Digitally programmable perovskite nanowire-block copolymer composites Citation: Ultra-Fast Quantum-Dot Information Storage (2008, March 21) retrieved 18 August 2019 from https://phys.org/news/2008-03-ultra-fast-quantum-dot-storage.html Explore further This document is subject to copyright. Apart from any fair dealing for the purpose of private study or research, no part may be reproduced without the written permission. The content is provided for information purposes only. The information-storage market is dominated by two main types: Flash memory, used in memory sticks and cell phones, and dynamic random access memory (DRAM), which is the main memory in a personal computer. Both types have their advantages and disadvantages, but a new type of memory, based on tiny atom clusters, called quantum dots, may soon displace both of them. In research published in the March 4, 2008, online edition of Applied Physics Letters, scientists from the Technical University of Berlin, in Germany, and Istanbul University, in Turkey, describe how they created a type of quantum-dot-based memory device that can save information at speeds of only a few nanoseconds (billionths of a second).The paper’s lead author, Technical University of Berlin scientist Martin Geller, explained to PhysOrg.com, “Flash memory, which is today’s market-driver in the semiconductor industry, and which everybody knows from memory sticks, digital cameras, and mp3-players, has a slow write time. The semiconductor industry is seeking faster Flash memories, but hasn’t found an ultimate solution yet. Our quantum-dot-based memory may provide long storage time without power consumption of Flash memory, as wells as a fast write time and better scalability to real-life devices.”To be fair, the other established predecessor of quantum-dot memory, DRAM, does have some excellent qualities. It offers very fast information-access times—under 20 nanoseconds—and the information can be repeatedly written and rewritten on a DRAM; it has excellent so-called endurance. But a DRAM device has a big disadvantage: It is volatile, meaning the information has to be refreshed every ten milliseconds to be maintained, also resulting in a high power consumption.“The very first prototype of our new quantum-dot-based memory scheme is already almost as fast as DRAM,” said Andreas Marent, a physicist at the Technical University of Berlin who took part in the research. “And in contrast to DRAM or Flash, the physical characteristics of quantum dots limit the write time to the picosecond, or trillionth of a second, range. That means a better device prototype should be more than 100 times faster than today’s DRAM.”The prototype consists of quantum dots of indium arsenide (InAs), a compound of the metals indium and arsenic, embedded in a layer of gallium arsenide (GaAs; gallium is also a metal). The GaAs layer is “p-doped,” which means it contains impurity atoms that impart it with excess free positively charge called holes. This InAs/GaAs structure is topped with a layer of “n-doped” GaAs, which contains extra electrons. Altogether, the structure is a p-n diode, an electrical device that allows current to flow only in one direction.When a voltage is applied across this structure, the quantum dots become charged, which allows them to store bits of information, i.e. “0” or “1” values. Whether the quantum dots represent a 0 or 1 depends on the capacitance of the diode—how much charge it is holding. A larger capacitance indicates the quantum dots do not hold much positive charge, which equates to a “0.” A smaller capacitance means that the dots are filled with holes, representing a “1.”Geller, Marent, and their colleagues say that the write times of their quantum-dot schemes are currently limited by the experimental setup and certain physical characteristics of the memory structure. In the future, after they make improvements to the structure, they expect that write times faster than 1 nanosecond may be possible. Even picoseconds seem possible, since the structure’s physical limitation is in that range.Said Prof. Dieter Bimberg, who is the group’s leader at the Technical University of Berlin and co-author on the paper, “Our results and patents demonstrate that quantum dots like these we are studying might, in just a few years, revolutionize semiconductor memory.”Citation: Appl. Phys. Lett. 92, 092108 (2008)All rights reserved. This material may not be published, broadcast, rewritten or redistributed in whole or part without the express written permission of PhysOrg.com.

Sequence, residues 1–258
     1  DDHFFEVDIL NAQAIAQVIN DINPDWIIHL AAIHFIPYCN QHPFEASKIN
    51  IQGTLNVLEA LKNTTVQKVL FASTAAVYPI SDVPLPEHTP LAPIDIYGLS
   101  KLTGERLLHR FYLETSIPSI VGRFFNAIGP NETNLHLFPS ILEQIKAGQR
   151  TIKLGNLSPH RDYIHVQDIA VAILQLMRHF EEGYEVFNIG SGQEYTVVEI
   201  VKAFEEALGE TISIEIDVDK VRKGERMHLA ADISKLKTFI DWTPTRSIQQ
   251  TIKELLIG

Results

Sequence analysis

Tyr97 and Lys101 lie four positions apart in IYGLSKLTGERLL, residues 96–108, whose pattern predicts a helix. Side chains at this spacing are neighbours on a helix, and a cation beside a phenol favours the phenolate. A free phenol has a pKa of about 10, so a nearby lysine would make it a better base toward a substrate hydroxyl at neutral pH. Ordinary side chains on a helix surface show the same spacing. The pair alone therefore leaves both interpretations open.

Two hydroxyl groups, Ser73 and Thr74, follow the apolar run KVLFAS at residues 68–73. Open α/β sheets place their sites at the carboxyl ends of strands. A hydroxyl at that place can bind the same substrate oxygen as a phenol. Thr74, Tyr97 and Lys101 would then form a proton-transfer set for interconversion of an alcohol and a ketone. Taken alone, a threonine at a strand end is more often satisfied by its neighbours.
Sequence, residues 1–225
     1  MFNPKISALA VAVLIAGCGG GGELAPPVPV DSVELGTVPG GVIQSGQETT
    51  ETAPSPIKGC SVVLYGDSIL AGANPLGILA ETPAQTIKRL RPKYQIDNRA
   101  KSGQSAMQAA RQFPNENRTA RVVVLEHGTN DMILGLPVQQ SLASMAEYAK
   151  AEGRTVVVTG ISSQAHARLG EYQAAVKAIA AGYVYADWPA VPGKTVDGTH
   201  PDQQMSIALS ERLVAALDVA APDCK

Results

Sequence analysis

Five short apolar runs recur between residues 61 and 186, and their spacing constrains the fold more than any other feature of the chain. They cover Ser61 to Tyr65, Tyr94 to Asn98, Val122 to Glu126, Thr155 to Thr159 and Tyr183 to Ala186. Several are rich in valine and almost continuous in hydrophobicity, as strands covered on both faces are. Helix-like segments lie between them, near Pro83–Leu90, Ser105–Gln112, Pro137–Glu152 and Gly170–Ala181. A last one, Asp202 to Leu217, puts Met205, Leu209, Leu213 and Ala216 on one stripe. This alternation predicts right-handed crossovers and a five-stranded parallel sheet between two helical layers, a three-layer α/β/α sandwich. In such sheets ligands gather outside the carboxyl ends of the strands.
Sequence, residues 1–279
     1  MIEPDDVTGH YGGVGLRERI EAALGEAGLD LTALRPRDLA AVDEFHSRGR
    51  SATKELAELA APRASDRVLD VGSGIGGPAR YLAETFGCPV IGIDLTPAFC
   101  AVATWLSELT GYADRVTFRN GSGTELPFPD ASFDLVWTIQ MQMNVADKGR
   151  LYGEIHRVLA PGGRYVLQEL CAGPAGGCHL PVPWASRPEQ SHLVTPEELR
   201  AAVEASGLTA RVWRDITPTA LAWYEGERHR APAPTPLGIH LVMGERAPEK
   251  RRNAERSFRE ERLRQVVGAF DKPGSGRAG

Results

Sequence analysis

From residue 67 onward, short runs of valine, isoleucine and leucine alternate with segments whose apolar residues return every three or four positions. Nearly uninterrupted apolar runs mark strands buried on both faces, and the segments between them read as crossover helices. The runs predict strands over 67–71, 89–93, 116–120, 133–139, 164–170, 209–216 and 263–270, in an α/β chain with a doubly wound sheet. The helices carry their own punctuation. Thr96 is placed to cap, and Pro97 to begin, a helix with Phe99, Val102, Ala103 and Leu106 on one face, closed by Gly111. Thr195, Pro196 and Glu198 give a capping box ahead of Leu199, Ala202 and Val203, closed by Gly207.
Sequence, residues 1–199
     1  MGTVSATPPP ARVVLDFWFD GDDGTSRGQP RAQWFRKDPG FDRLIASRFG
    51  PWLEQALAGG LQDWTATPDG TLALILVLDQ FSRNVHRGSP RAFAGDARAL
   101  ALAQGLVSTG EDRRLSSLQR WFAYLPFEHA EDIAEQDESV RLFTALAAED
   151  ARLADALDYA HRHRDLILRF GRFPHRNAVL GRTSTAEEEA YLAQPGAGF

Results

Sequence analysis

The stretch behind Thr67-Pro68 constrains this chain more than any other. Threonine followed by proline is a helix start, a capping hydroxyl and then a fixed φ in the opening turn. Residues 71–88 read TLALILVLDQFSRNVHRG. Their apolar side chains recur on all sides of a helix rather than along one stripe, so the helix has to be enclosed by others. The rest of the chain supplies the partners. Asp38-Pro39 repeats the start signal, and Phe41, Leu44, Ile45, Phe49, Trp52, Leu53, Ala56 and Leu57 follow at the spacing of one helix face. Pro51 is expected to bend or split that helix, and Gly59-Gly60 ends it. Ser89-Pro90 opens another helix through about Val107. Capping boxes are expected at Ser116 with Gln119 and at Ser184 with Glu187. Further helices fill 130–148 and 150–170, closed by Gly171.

More information: Berkeley Bionics (PhysOrg.com) — Berkeley Bionics unveiled eLEGS exoskeleton at a press conference on October 7 in San Francisco. Berkeley Bionics’ CEO, Eythor Bender stated that their mission is to provide people with unprecedented mobility options. © 2010 PhysOrg.com eLEGS exoskeleton is a bionic device engineered to help paraplegics stand up and walk on their own. Citation: Paraplegics have been given new hope for walking (w/ Video) (2010, October 14) retrieved 18 August 2019 from https://phys.org/news/2010-10-paraplegics-video.html This document is subject to copyright. Apart from any fair dealing for the purpose of private study or research, no part may be reproduced without the written permission. The content is provided for information purposes only. Explore further The eLEGS exoskeleton is a bionic device engineered to help paraplegics stand up and walk on their own. At first the device will be offered to rehabilitation centers for use under medical supervision, and can be adjusted to fit most people between 5’2″ and 6’4″ and weighing 220 pounds or less.eLEGS is battery-powered and employs a gesture-based human-machine interface that incorporates sensors and monitors the gestures the user makes to determine their intentions and then acts accordingly. A real-time computer collects data from sensors and input devices to coordinate every aspect of a single step.The technology may prove to be extremely helpful to those who are newly injured and may still have retained muscle memory without their muscles significantly weakened. This early assistance can help patients get back on their feet and help prevent a host of minor health concerns associated with being in a wheelchair. This can range from digestive issues to poor circulation.According to Berkeley Bionics, there are approximately 6 million people with some form of paralysis in the U.S. who are bound to wheelchairs; many of whom may have been active and athletic before an injury damaged their spinal cord. This new technology will give some of them the mobility to move their bodies and free them from their wheelchair. In the above video Amanda Boxtel was injured in a skiing accident in 1993 and left paralyzed from the waist down. eLEGS has given Amanda her mobility back and now works as a motivational speaker.In an Engadget interview with Berkeley Bionics CEO Eythor Bender, the system is presently made of steel and carbon fiber with lithium-ion battery packs, weighs 45 pounds, and has enough power to run for six hours of continuous walking. While an exact price was not given, Bender said that they were shooting for $100,000 and that it would be very competitive.Clinical trials are about to begin shortly; thereafter the exoskeleton will be available to selected medical centers in July or August of 2011. Bender commented that the company is also working on a streamlined commercial version for all-day use, tentatively slated for 2013. N.Zealand inventors unveil bionic legs for paraplegics (w/ Video)